The final discussion included employees of the City of Philadelphia and focused on working in public service. The conversation, which was moderated by Director of Human Resources Pedro Rodríguez, featured Damaris Feliciano, Assistant Managing Director; Edward García, Deputy Director of the city's Commerce Department; Jessica DeJesús, Director Public Works & Special Services for the city's Procurement Department; and Trevor Day, Procurement Commissioner.
The panelists shared their experiences as public workers, highlighting the benefits of working in the public sector. Although the compensation does not always compete with salaries at private companies, government employees enjoy aspects such as healthcare (García said he pays $100 per month for his entire family), access to education and career development opportunities, and paid time off (sick, vacation and personal can make up to 15 days per year).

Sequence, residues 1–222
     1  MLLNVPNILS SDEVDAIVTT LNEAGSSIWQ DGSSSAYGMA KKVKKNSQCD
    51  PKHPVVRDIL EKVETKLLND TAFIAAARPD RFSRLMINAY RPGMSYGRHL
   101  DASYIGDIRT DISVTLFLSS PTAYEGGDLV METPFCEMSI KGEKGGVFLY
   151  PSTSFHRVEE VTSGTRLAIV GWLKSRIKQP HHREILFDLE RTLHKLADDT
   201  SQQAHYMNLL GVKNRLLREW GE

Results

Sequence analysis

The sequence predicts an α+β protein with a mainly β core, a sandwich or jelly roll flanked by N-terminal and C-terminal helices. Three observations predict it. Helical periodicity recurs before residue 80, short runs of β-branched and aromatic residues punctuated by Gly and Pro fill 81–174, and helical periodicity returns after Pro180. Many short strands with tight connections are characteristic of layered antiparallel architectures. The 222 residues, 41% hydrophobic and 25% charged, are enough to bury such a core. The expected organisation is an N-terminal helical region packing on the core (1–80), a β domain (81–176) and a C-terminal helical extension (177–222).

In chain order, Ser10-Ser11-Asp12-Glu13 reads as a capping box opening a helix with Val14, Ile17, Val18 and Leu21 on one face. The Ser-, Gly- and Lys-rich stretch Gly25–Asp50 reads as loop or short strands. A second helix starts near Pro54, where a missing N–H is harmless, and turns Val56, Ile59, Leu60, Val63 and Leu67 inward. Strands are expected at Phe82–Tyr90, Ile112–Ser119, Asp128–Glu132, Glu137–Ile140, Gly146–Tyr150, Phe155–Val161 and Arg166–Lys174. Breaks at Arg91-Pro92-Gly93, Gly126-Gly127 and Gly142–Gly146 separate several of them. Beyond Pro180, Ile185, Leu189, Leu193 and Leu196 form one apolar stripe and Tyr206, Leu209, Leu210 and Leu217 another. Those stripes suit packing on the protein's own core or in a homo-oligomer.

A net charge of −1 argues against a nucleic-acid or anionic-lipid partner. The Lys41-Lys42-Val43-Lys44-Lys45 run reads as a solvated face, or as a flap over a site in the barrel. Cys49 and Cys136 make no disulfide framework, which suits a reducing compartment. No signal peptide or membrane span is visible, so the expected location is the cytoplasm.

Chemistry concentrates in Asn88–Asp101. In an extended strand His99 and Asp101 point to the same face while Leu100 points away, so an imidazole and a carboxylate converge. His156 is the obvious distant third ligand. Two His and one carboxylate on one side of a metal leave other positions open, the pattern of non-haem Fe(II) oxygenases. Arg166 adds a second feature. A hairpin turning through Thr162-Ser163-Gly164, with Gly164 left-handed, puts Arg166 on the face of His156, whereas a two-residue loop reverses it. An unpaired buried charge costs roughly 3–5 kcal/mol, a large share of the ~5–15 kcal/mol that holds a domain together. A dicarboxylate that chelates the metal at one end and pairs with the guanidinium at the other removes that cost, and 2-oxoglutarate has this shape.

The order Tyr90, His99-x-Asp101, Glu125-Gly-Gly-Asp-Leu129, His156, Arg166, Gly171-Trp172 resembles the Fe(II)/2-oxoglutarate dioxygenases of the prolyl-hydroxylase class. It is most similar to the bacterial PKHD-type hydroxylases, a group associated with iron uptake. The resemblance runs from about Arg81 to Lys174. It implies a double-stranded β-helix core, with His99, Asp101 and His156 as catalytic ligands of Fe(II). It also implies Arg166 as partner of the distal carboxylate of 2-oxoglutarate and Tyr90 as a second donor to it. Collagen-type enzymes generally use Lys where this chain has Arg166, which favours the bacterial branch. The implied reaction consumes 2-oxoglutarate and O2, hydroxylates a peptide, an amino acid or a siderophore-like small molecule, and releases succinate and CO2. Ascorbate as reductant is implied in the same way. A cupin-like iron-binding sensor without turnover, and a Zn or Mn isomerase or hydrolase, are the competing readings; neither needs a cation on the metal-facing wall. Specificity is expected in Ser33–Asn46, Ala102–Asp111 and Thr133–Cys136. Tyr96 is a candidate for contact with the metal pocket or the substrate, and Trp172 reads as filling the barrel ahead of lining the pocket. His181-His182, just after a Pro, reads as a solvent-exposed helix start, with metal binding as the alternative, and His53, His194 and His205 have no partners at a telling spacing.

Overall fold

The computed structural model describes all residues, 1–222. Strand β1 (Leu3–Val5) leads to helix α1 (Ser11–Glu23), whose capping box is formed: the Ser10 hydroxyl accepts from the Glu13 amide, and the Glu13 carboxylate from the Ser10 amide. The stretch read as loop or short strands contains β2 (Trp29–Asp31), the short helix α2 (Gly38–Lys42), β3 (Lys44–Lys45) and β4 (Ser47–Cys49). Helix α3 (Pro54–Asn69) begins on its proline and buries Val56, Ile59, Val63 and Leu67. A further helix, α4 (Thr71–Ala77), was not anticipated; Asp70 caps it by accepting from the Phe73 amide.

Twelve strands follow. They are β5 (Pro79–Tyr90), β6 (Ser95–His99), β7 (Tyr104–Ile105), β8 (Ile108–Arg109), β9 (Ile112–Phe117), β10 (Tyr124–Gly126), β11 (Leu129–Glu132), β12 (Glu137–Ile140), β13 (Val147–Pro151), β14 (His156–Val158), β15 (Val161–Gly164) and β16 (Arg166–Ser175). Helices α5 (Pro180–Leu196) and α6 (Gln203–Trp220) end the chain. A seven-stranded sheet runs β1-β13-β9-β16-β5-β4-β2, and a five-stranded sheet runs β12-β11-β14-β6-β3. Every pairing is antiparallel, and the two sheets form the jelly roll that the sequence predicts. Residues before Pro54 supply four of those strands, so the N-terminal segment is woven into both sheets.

Feliciano said what she appreciates most about working for the city is the diversity. Having a direct contact in office is always beneficial for communities, she said, allowing the government to understand the needs of the community, finding better (and quicker) solutions.
Day noted that Philadelphia is rapidly changing, and working in the public sector is a great chance to leave a thumbprint in the direction the city is taking.
AL DÍA would like to extend a thank you to everyone who participated in the 17th Annual Diversity Career Fair, and we look forward to seeing you next year!